“Paradigms are the sources of systems. From them come goals, information flows, feedbacks, stocks, flows … People who manage to intervene in systems at the level of paradigm hit a leverage point that totally transforms systems.” – Donella Meadows
On Sunday night I attended a wonderful lecture by Bill McKibben, the final event in the wonderful “Global Warming: Science & Society” series. Contrary to the other speakers, McKibben did not give an overview on current changes in Earth’s climate. His focus was on what we, as concerned citizens of the Earth, can do about it. His approach is an archetype for the current political climate: We know the problem but what is the solution?
Al Gore’s film “An Inconvenient Truth” has, in a sense, been the medium through which America has come to understand this issue. Gore has in fact become an activist, but in an entirely different way than McKibben. Gore’s film focused on the problem and devoted a whole two minutes during the credits to 10 things one can do to “solve global warming.” Individual action is crucial and I commend any individual who partakes in Gore’s 10-step program (indeed we are, as Bush says, “addicted to oil”), yet as McKibben argues in his new book, Deep Economy, individual action is no panacea; solving the climate problem requires paradigm change.
Think about this: Are you happy? McKibben cited a statistic that I found baffling but not surprising. American happiness peaked in 1956 and has been declining ever since, while the amount of stuff we own has tripled. The modernist economic model of infinite growth has continuously produced decreasing marginal utility. In other words, if you have three cars, another car gives you less “happiness” than the first one did. How about this: Replacing your current iPod with the newer model with 20 extra gigabytes really won’t make you that much happier. Indeed the above statistic implies that more stuff has possibly made us less happy.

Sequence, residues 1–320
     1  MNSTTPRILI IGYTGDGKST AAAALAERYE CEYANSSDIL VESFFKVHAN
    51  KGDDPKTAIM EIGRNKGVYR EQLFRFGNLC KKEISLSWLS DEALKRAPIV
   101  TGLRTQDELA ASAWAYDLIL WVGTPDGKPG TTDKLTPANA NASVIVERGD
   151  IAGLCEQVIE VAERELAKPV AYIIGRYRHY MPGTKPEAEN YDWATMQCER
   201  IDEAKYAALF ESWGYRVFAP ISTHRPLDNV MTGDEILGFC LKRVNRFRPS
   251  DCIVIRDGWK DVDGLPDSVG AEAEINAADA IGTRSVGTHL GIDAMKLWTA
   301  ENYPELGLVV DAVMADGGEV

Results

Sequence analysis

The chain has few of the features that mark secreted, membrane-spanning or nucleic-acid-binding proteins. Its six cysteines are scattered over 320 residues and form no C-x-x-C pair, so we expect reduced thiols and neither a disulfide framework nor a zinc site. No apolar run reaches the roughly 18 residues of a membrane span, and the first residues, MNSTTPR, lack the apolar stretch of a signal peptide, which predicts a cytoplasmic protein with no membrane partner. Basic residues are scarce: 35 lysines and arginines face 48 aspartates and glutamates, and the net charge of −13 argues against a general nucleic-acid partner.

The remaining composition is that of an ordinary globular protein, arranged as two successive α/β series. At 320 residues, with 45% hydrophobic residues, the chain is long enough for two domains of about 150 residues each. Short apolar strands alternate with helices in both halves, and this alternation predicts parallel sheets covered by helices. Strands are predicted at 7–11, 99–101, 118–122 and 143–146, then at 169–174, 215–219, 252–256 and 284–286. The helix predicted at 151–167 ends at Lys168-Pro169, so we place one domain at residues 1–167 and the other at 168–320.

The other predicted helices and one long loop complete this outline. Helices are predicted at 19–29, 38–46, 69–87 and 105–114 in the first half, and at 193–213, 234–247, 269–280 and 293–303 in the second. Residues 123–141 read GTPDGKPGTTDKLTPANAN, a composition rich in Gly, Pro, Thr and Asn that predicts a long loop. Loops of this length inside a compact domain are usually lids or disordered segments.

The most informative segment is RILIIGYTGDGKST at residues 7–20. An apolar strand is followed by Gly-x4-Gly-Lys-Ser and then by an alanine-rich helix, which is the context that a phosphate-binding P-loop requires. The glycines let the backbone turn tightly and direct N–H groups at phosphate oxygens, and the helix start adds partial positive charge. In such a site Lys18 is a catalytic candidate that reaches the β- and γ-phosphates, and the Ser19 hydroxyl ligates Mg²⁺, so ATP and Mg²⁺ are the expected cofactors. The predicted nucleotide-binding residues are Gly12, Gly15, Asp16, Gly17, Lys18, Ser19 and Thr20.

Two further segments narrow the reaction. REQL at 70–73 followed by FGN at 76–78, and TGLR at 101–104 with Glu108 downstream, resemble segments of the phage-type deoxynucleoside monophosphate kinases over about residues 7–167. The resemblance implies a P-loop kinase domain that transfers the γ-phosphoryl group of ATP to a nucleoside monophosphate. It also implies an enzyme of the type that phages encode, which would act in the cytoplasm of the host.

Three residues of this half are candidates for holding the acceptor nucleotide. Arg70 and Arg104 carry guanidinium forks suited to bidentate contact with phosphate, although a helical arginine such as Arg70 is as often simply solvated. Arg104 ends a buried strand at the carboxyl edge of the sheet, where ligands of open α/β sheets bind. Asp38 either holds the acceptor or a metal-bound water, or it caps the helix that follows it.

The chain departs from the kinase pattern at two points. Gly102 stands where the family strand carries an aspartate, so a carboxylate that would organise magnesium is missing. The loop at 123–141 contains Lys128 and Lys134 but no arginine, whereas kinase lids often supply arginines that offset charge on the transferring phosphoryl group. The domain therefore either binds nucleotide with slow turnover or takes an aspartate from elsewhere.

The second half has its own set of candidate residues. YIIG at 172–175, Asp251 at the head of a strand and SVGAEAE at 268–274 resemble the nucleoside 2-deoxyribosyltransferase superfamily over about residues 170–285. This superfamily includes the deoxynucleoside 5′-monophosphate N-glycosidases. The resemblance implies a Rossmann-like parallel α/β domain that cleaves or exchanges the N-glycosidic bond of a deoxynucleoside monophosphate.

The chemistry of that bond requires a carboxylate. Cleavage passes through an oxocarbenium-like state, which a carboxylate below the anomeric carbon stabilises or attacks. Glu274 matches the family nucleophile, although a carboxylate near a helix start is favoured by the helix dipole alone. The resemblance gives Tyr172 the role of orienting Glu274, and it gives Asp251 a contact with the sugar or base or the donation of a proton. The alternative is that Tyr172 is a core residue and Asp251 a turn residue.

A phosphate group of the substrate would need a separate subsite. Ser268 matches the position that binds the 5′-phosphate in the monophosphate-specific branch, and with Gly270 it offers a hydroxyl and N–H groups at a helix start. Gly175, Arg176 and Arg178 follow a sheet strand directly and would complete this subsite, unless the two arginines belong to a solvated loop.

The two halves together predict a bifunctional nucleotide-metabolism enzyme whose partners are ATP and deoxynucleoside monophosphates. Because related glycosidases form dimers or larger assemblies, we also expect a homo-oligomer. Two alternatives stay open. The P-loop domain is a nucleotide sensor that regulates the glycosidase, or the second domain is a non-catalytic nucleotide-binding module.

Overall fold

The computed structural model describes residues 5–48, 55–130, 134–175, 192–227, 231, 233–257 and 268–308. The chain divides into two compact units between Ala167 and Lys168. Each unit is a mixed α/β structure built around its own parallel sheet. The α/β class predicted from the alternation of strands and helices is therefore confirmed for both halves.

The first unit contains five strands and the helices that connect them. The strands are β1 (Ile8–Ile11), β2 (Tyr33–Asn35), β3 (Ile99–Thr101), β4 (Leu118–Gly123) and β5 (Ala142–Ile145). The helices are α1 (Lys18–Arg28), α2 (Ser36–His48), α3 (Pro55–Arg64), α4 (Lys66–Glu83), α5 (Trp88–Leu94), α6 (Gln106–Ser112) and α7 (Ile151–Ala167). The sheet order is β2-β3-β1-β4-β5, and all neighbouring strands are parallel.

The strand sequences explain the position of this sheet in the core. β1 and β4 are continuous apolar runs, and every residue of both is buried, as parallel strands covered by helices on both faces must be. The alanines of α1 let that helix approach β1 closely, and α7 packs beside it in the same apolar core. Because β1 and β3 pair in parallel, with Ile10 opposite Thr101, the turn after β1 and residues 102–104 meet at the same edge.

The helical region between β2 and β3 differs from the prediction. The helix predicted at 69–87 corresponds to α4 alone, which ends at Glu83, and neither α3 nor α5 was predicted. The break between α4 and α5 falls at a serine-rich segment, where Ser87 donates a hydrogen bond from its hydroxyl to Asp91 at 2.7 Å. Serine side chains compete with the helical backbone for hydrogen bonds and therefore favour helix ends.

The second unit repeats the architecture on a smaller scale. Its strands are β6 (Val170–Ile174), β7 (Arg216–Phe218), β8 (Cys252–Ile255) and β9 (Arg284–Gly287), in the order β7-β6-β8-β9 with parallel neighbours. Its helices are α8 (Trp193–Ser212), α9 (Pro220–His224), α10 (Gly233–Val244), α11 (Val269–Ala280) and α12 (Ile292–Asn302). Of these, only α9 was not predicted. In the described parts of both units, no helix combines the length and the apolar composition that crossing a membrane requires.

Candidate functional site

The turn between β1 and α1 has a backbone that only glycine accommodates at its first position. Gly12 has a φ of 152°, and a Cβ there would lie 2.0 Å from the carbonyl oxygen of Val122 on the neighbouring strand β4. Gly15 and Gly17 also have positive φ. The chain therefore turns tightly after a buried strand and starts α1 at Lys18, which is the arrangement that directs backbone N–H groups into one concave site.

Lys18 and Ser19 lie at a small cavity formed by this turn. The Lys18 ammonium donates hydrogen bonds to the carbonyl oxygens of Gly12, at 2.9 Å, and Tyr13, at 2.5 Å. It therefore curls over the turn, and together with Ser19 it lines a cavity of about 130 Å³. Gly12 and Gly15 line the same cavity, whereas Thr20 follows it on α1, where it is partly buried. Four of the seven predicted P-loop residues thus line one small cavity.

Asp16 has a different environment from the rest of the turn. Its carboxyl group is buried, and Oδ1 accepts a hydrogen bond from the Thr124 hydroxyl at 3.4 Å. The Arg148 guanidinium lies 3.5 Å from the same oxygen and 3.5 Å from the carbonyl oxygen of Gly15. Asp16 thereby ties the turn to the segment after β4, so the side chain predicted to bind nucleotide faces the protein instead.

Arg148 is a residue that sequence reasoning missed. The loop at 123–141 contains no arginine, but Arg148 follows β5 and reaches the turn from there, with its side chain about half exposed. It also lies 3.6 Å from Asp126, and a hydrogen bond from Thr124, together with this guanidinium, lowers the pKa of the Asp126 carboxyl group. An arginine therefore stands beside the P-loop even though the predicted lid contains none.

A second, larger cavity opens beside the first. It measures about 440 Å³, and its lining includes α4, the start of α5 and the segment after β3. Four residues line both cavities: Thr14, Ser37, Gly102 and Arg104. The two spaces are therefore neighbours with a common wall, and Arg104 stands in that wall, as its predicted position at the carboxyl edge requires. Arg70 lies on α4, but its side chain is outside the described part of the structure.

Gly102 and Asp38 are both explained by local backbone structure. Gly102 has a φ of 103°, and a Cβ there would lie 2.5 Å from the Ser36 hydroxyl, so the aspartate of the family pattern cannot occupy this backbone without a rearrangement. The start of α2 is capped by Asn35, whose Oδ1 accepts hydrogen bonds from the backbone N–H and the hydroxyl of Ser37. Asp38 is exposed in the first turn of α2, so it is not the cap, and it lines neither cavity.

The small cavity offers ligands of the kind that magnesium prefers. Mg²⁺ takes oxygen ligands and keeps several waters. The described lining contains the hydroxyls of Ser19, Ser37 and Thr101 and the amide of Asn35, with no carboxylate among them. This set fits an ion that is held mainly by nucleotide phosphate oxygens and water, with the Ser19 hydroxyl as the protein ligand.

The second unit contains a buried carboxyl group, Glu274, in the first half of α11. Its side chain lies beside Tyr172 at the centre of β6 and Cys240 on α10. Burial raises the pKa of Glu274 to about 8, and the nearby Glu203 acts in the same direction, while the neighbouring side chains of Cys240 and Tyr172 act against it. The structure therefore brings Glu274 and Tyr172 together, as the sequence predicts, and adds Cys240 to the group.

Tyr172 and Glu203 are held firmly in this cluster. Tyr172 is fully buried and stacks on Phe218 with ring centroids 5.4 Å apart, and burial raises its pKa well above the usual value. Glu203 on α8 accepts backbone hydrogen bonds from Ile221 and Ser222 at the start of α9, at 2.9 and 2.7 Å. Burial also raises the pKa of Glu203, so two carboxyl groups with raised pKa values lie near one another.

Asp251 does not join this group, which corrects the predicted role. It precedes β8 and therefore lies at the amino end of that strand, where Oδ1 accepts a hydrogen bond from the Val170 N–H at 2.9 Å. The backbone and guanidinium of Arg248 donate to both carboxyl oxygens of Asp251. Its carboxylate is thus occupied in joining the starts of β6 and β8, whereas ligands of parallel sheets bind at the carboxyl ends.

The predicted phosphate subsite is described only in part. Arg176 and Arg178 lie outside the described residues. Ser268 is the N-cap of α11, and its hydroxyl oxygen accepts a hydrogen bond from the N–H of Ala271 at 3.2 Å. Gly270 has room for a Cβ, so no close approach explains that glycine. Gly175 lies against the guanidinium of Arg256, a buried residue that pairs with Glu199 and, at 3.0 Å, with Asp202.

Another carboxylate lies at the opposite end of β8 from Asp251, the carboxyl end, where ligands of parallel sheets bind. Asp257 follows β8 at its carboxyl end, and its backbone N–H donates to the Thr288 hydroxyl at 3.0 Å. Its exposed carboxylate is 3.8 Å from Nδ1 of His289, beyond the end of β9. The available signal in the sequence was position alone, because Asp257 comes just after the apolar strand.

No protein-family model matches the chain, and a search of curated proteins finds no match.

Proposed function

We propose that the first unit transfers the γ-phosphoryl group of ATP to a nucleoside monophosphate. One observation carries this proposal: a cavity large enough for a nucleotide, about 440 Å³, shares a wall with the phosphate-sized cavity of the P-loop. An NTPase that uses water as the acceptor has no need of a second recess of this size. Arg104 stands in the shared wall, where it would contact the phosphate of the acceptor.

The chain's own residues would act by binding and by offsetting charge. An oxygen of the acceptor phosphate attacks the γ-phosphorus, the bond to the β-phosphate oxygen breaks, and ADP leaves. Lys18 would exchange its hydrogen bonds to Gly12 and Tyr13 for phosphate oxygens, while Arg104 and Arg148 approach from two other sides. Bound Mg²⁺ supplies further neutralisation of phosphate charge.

So, why do I feel inspired to write my first ever Nexus submission? A topic of the McKibben lecture was if UCSB students are pumped about fighting climate change. Indeed, UCSB has emerged as an “activist” campus in the year and a half I have attended this school. The anti-war movement, Queer Pride Week, and immigrant rights have all emerged as topics that people will rally behind, but are students pumped about fighting global warming? I think many are and I think many more would be if there was an outlet for it. Those looking for an outlet must look inside as well as outside; to solve global warming we need to change paradigms in addition to changing light bulbs! So in addition to Al Gore’s 10-step program, I recommend those who care about climate change take one step further. Do this: Think of how you can help change the paradigm “bigger is better,” which has decreased our happiness and led us to the climate crisis. Paradigm change will come from within, if you allow it. Rather then tell you what to do, I believe my words will be more effective if I encourage you to think about solutions yourself. Perhaps UCSB will discover 20,000 solutions to fight global warming and make our own lives happier, as opposed to the one I might offer.